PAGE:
Sweet Potato Project
Slow Food Madison is working with the UW Extension, Community Action Coalition, and Equinox Farms to launch the Madison Sweet Potato Project.
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Slow Food Madison is getting ready to kick off a new series of beginner-level cooking classes, and we need volunteers! The class, which meets once a month from June through October, is being developed in partnership with the Goodman Community Center and is supported by a SEED grant. We are looking for volunteers with basic cooking knowledge and an interest in teaching others how to cook simple yet delicious meals at home. Our first class is Saturday, June 14 from 9 until noon, and we are still looking for a couple of volunteers. If you would like to help out at any or all of the classes, please send Trevor a note at firstname.lastname@example.org.
Learn how to prepare simple, fresh, delicious meals at home in this five-part cooking series. Each class will cover kitchen basics, tips for shopping economically, and an overview of healthy food preparation techniques. Sign up for all five classes or pick and choose the topics that most appeal to you! No prior cooking experience is necessary. All participants will receive a home pantry “starter kit”.
June 14 – Salads: learn how to turn beautiful spring greens into a quick, flavorful meal with simple homemade salad dressings.
July 12 – Side dishes: seasonal veggies + inexpensive pantry staples = an endless variety of delicious, easy-to-prepare sides. Great for potlucks, lunch boxes, or a light dinner!
August 9 – Main courses: combine easy-to-find ingredients like beans and lentils with fresh summer veggies and–if desired–a bit of meat to create memorable meals that will feed a crowd! Also, tips for pleasing picky eaters.
September 6 – Desserts: a sweet end to your meal doesn’t have to be loaded with sugar, salt, and fat. Learn how to feature local fruits and vegetables in a number of quick preparations that are bound to impress your friends and family.
October 11 – Appetizers & snacks: learn how to prepare a variety of flavor-packed snacks that are significantly better for you–not to mention tastier–than their supermarket counterparts.
A heartfelt ‘Thank You‘ goes out to all the vendors who came to our Annual Meeting this past Sunday and served up a slice (or sip) of what they do so well!
And a Thank You as well to everyone who attended.
On March 9th, Urban Market Forage participants were treated to a hands-on queso fresco making afternoon with Dave Potter and his daughter Kate, of Get Culture/The Dairy Connection. www.GetCulture.com
The afternoon started with a quick look around the store and the cheese making classroom. Get Culture is the retail location of Dairy Connection, a mail order supplier that works with amateur and professional cheese makers all over the country.
After making the queso fresco, participants were treated to a variety of cheeses, including an unusual (and very tasty) canned cheddar from Washington State!
Dave teaches a several classes around Madison and loves to share his knowledge, including the science behind the making of different cheese types. If you have ever been curious about making yogurt or cheese at home, this is the place to go!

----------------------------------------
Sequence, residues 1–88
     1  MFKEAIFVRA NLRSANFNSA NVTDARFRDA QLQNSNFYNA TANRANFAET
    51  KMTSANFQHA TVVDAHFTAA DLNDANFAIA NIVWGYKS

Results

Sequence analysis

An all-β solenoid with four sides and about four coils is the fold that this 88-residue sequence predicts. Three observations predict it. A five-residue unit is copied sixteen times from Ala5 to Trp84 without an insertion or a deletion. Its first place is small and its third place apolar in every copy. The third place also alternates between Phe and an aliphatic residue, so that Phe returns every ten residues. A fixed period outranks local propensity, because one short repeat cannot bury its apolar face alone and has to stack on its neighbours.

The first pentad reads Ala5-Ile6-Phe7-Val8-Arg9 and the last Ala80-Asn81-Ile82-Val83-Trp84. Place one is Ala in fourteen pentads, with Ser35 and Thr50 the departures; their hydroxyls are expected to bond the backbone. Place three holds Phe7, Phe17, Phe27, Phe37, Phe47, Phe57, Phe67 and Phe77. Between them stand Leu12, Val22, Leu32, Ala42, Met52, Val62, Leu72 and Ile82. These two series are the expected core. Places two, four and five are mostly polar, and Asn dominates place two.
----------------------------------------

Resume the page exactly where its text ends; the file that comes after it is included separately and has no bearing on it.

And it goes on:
On February 9th, 14 people gathered at the Conscious Carnivore (http://www.conscious-carnivore.com/) on University Avenue in Madison to learn about the history and practices of the business from owner Bartlett Durand.
We were greeted at the large community table, next to a sunny window, with fruit, croissants, coffee, and seasonal cheddar cheese (Spring and Winter) from Otter Creek Organic Farm (http://www.ottercreekorganicfarm.com/).
The cheeses started off the discussion. Otter Creek is owned and operated by Bartlett’s father-in-law, Gary Zimmer. It is a sustainable, organic, pastured dairy farm. We discussed the nuances of flavor that change with the seasons, the grasses, the fat content of the milk.
The philosophy behind Conscious Carnivore is “Respect for every animal, on four feet or two”. CC sources meat from small Wisconsin and Iowa farms. They are rated as Organic, Grass fed, or Grandpa’s Way—relating back to how family farms were run before industrialization. Bartlett doesn’t shy away from any questions or discussions. Many regular customers stopped in during our visit. It is a convivial atmosphere that harkens back to when shopkeepers knew all their customers by name. The large table serves as a gathering space as well. Beer and wine are available, as is coffee. You can sit and sip and talk with friends. There are baskets of toys and coloring books for children as well.
Another tenet of the business is that nothing goes to waste. A popular sausage from Black Earth Meats (http://www.blackearthmeats.com/), the Offal Tasty is also available at the shop. There are meats brined and ready for crockpots as well, but no prepared foods. The shop offers a variety of classes, and always has recipes on hand or advice on how to prepare the different cuts of meat.
Did you know that Madison is a hub for local honey? There’s even a Wisconsin Honey Producers Association, established way back in 1964 by Wisconsin beekeepers to protect the local honey market, educate consumers, and conduct research to protect the honey industry from environmental changes. The Dane County Beekeepers Association is another great source for information about local beekeeping and honey production.
Purchasing local honey supports local beekeepers and is of course a delicious way to incorporate local food into your diet. Honey has health benefits galore, and is a great alternative to refined sugars.
Here are a few options for purchasing local honey in Madison:
And this is just the beginning of a list – who are we missing? Let us know your favorite sources for local honey, and feel free to leave suggestion on your favorite way to use it!